Courtesy of Ohio State athletic department
For a young Ohio State men’s golf team, a break from the game was all they needed to get refreshed for the spring season.
And after an up-and-down fall campaign that consisted of a win at the Windon Memorial in September and last-place finishes at the Jack Nicklaus Invitational and Royal Oaks Intercollegiate in October, time away from the green instead of over-working was exactly what coach Donnie Darr wanted.
“You need to put your clubs away for a little bit and get rested up, get rejuvenated,” Darr said. “The best players in the world … they take breaks away from the game to make sure their mind is fresh. It’s great for our guys to get this break, especially for how young our players are.
“I think at the end of the fall, they were pretty tired, so to have part of November, December where they were pretty well-rested and we started working pretty hard here mid-January, I think in our case, that break was much needed and it’s time to get to business.”
The men’s golf team consists of four freshmen, four sophomores and only one senior, Matt Turner. The first several tournaments last fall included three top-3 finishes, but the two last-place finishes stood out during the offseason.
“In our case, because we didn’t finish the season very well, we have to kind of sit with that in our stomach for the last three months of ‘Wow, the last time out we didn’t perform very well,’ so we’re all excited to get a chance out there and redeem ourselves and prove just how good we can be,” Darr said.
Sophomore golfer Grant Weaver, who had three top-20 finishes in five events during the fall, said the difficult finish helped them learn about themselves during the three-month layoff in competition.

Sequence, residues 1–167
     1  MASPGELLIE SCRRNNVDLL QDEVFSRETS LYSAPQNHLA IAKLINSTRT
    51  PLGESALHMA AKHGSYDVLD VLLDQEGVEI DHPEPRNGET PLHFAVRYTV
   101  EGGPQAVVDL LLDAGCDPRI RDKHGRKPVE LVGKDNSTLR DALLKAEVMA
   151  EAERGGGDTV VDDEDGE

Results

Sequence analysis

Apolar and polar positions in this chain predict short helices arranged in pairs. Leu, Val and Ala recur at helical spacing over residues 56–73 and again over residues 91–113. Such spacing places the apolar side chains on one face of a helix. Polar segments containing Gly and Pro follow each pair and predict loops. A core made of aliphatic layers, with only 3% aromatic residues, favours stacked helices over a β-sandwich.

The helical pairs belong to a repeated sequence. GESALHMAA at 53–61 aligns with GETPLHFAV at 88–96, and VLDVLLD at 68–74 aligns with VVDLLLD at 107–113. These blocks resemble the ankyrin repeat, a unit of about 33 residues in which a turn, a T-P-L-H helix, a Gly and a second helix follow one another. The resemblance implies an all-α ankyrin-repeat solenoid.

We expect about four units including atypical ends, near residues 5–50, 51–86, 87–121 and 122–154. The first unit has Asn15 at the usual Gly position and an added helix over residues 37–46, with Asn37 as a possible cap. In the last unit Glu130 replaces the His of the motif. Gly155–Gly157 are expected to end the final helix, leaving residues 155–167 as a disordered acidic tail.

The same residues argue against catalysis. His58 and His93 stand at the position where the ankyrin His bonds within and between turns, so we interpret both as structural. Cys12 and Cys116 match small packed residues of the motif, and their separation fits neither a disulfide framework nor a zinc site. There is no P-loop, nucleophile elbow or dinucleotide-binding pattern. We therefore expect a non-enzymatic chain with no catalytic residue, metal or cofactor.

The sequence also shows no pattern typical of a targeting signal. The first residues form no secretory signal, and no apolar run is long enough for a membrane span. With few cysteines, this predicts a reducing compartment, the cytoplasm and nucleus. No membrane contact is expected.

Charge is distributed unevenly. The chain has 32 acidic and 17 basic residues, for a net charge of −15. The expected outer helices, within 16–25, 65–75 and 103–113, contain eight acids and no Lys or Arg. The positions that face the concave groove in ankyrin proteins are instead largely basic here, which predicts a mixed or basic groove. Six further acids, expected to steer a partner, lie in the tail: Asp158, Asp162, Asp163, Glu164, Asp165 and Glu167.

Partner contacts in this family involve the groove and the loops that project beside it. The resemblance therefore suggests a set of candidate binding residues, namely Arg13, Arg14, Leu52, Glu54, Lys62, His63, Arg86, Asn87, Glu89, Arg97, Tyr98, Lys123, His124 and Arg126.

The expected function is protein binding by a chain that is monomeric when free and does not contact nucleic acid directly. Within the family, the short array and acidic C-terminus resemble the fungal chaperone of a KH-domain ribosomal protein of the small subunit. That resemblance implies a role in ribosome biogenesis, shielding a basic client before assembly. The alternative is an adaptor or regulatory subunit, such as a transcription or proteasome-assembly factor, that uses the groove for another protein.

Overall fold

“From the fall, we learned we can compete at a high level and beat a lot of good teams,” Weaver said. “We also learned that there’s a lot of room for improvement, so that really gave us a lot of motivation for the offseason with those tough finishes toward the end of fall.”
The young OSU team gained some experience last fall, with Weaver, sophomore Boo Timko, and freshman Tee-K Kelly competing in all five events. However, Darr said the team’s bad play at the end of the season was “a direct correlation to our youth and inexperience.”
“At times, we got a little bit impatient and tried to force things out on the golf course a little bit and that just doesn’t work,” Darr said. “When you do that in big tournaments, you’re not going to fare well, so we got to grow up and mature a little bit and we should be just fine this spring.”
OSU will tee it up Friday and Saturday for the Big Ten Match Play Championship in Brandenton, Fla. Darr said the different style of match-play, in which you focus specifically on defeating one player at a time, doesn’t change the team’s concept.
“Typically match play is a little bit different, but when you’re early in the season like this and you haven’t been playing much, I think the most important thing you can do as a player is just worry about your own game, focus on your own game,” Darr said. “Don’t worry so much about what your opponent’s doing at the time.”
Some of the OSU players agree.
“For me personally, I think it’s best for me to just try to play my own game and don’t worry or react to what the other person is doing,” Timko said. “In some cases strategically, if they blow it way right or are in big trouble, you can play a little more conservatively, but overall it’s just important to play my own game and do the best I can and take care of business.”
Tee-off is set for 8:10 a.m. Friday and semifinals begin at 7:30 a.m. Saturday.